Getting your credit up and running early in life comes with a number of advantages. If you want to help your kid build credit, you need to give them more just than financial advice.
Showing Them How to Check Their Credit History and Scores
The first thing that you're going to want to do is show your teen how to look up their credit reports from the three national reporting bureaus: Equifax, Experian, and TransUnion. Everyone is entitled to do this for free once every 12 months from www.annualcreditreport.com. After you receive the documents, sit down and go over them together.
Explain what each part of the report means. Most likely, your child has little to no established credit, so there probably isn’t going to be much to look at. But you can explain the different parts of a credit report, and what to look for in the future. Consider showing them your credit report so your teen can see what an extensive credit history looks like. You should also talk about how there may be some differences between the three reports, and how you can have multiple credit scores.
You should also look for signs of identity theft. If there are delinquent accounts that show up on one or more of your teen’s credit reports, and they have never actually opened an account, or seldom use one, this usually indicates that they have unknowingly been the victim of identity theft. While this news may be troubling, it's much better to find this out sooner rather than later. If you discover that fraudulent activity has occurred, you should make an immediate report to the respective credit bureau and walk your kid through the dispute process.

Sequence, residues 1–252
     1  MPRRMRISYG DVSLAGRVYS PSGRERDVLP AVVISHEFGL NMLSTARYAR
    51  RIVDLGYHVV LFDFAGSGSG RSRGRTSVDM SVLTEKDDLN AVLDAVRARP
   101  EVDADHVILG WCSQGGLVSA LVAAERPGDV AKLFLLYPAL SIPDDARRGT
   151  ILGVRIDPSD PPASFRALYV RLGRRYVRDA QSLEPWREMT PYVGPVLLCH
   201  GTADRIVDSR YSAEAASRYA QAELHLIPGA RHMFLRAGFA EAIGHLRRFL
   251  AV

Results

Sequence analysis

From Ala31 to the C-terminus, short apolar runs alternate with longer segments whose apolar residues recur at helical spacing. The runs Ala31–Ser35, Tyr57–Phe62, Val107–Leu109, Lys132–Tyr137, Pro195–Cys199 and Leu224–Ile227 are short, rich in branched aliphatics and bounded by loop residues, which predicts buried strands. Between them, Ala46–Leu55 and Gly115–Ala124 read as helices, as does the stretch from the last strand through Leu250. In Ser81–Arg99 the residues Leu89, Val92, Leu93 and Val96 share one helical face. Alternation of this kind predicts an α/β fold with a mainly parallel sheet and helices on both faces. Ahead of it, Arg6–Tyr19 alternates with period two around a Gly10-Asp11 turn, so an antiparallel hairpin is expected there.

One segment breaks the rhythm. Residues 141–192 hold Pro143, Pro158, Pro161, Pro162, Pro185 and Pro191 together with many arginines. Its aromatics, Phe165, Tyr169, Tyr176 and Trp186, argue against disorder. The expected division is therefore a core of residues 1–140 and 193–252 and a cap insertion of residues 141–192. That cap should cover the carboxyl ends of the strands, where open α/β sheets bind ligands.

As for their credit score, show them how you check your scores. Whether it be through your lending institution that offers a free FICO credit score check, or by visiting www.myFICO.com and paying a fee, it’s important they know where they should go and how often they can check. Explain to them how credit scores constantly change, how important it is to stay on top of all monthly bills, and the consequences of missed payments.
Establishing a Credit History
Once you determine that your teen is starting with a clean slate, you can begin to help them establish a strong credit history. There are many different ways you and your kid can work together, but one of the easiest ways to do this is by making your kid an authorized user on a credit card account that you have.
This is only a good option if you have good credit, yourself, and you can add them to a secured or unsecured credit card account. If this is the case, your good credit and payment history is going to boost their credit score. Just make sure you set some ground rules that your kid needs to follow if they receive a card. Many credit card issuers are going to allow you to set a credit limit on this type of card. If not, you should set one.
If you have a store credit card, you can also add them as an authorized user to these types of accounts. These lines of credit can typically only be used at the issuing store, so they’re usually easier to get than regular credit cards. The only drawback is that these cards tend to carry very high interest rates. So, make sure that your kid knows that the card should be used sparingly and paid off each month.
Thinking of Helping Your Kid Out with a Car Loan?
Getting your kid or teen on the credit wagon can be tough if you don’t start early. It takes years to build up a solid credit history from the ground up, but you can help them establish a history well before they turn 18.
If you’re interested in getting your son or daughter started in the world of credit, and they recently turned 18, why not co-sign for a car loan? At Auto Credit Express, we can help you find financing by connecting you to a dealership in your area. It's easy to get the process started. Just fill out our quick and secure auto loan request form and you'll be on your way to building a great credit future for your kid!